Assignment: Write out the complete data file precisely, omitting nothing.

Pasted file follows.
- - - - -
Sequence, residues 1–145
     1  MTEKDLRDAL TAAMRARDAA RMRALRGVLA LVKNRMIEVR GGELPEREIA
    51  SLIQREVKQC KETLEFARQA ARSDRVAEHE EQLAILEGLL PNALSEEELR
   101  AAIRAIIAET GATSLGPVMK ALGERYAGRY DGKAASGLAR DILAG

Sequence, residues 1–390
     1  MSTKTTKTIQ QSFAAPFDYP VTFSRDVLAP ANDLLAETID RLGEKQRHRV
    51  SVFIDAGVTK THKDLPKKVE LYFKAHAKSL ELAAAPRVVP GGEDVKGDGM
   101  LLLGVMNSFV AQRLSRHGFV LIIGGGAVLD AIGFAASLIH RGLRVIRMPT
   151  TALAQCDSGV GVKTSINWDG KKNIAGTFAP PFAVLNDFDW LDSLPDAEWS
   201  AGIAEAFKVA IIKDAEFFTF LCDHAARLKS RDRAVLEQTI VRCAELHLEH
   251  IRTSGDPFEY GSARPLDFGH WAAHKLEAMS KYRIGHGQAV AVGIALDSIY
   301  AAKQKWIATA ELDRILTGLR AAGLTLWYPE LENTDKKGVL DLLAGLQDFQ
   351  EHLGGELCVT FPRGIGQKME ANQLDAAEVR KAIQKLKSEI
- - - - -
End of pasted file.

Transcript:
Sequence, residues 1–145
     1  MTEKDLRDAL TAAMRARDAA RMRALRGVLA LVKNRMIEVR GGELPEREIA
    51  SLIQREVKQC KETLEFARQA ARSDRVAEHE EQLAILEGLL PNALSEEELR
   101  AAIRAIIAET GATSLGPVMK ALGERYAGRY DGKAASGLAR DILAG

Sequence, residues 1–390
     1  MSTKTTKTIQ QSFAAPFDYP VTFSRDVLAP ANDLLAETID RLGEKQRHRV
    51  SVFIDAGVTK THKDLPKKVE LYFKAHAKSL ELAAAPRVVP GGEDVKGDGM
   101  LLLGVMNSFV AQRLSRHGFV LIIGGGAVLD AIGFAASLIH RGLRVIRMPT
   151  TALAQCDSGV GVKTSINWDG KKNIAGTFAP PFAVLNDFDW LDSLPDAEWS
   201  AGIAEAFKVA IIKDAEFFTF LCDHAARLKS RDRAVLEQTI VRCAELHLEH
   251  IRTSGDPFEY GSARPLDFGH WAAHKLEAMS KYRIGHGQAV AVGIALDSIY
   301  AAKQKWIATA ELDRILTGLR AAGLTLWYPE LENTDKKGVL DLLAGLQDFQ
   351  EHLGGELCVT FPRGIGQKME ANQLDAAEVR KAIQKLKSEI